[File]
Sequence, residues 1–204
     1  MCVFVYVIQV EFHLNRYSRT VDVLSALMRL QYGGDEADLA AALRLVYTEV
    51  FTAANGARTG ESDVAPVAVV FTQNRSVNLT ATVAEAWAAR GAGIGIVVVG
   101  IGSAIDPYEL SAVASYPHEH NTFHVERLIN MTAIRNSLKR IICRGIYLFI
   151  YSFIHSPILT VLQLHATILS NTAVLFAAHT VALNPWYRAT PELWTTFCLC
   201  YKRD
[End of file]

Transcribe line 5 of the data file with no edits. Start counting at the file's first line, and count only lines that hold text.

   151  YSFIHSPILT VLQLHATILS NTAVLFAAHT VALNPWYRAT PELWTTFCLC